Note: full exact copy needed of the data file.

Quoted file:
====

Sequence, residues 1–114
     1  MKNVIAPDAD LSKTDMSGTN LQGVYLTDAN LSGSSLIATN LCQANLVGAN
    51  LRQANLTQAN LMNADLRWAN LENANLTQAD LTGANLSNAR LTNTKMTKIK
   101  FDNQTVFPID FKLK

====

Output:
Sequence, residues 1–114
     1  MKNVIAPDAD LSKTDMSGTN LQGVYLTDAN LSGSSLIATN LCQANLVGAN
    51  LRQANLTQAN LMNADLRWAN LENANLTQAD LTGANLSNAR LTNTKMTKIK
   101  FDNQTVFPID FKLK